Depth sequences, multiple models

Kris W. B. Scheerlinck

Rivacy and Depth Configurations. Proximity

Permeability and Territorial Boundaries in Urban Projects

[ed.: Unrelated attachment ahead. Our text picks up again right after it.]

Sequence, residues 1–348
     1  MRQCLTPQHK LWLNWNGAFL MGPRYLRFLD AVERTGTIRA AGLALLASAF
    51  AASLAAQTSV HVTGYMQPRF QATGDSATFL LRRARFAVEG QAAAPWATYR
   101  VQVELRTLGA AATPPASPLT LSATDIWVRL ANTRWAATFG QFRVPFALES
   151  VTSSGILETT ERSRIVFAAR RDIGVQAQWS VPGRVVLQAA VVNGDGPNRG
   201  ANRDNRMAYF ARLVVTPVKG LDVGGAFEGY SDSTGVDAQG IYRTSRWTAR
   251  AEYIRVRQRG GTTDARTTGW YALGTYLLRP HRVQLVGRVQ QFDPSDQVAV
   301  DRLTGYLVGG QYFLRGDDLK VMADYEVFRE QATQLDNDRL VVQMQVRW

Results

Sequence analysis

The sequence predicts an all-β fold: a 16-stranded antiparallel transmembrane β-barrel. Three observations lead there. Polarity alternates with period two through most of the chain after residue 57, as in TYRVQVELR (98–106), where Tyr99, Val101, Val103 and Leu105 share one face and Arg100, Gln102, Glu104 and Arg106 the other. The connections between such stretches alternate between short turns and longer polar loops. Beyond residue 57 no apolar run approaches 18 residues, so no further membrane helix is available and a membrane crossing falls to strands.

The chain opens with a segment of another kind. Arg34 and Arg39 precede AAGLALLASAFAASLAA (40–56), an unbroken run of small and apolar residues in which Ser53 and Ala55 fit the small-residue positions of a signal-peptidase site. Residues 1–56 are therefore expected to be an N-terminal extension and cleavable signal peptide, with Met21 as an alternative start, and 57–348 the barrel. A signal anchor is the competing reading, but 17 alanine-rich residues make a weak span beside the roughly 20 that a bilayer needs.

The need for privacy drives territorial mechanisms in space: multiple agents operate at different scales to provide a variety of models of depth in contemporary landscapes: distinctions between public and private spaces are far more complex than individual physical barriers in urban space. This paper pronounces a theoretical and conceptual discourse about the organisation and depth of collective spaces, tested by a rereading of historical and contemporary urban projects. Theories and models of proximity, permeability and territorial boundaries are linked with the idea of depth configurations in architecture, together with their spatial, social, cultural and environmental conditions. Privacy is one of the main issues in this discourse, as privacy depends on the level of collectiveness within a depth configuration, beyond the level of explicitness of defined territorial boundaries. DEPTH The relation between private and public spaces is defined by sequences with different lengths, different intensities and various ways of being read. According to N. J. Habraken, the built environment is defined by a territorial organization and is founded on the principle of inclusion within other territories. The author presents a diagram to relate this very principle of inclusion to transitions between private and public spaces: imagining different ways to access those theoretical territories, N. J. Habraken defines the concept of “territorial depth”. “Territorial depth is measured by the number of boundary crossings (…) needed to move from the outer space to the innermost territory”. As a result, territorial depth increases when collective spaces (like shared vestibules, common gardens, etc.) are introduced within the multiple sequences. However, territorial depth is not a static parameter: within a certain time framework, after the intervention of various urban agents, depth can increase or decrease in time, according to the specific characteristics and dynamics of the built environment. N. J. Habraken relates the possible increase in territorial depth to changing density…..

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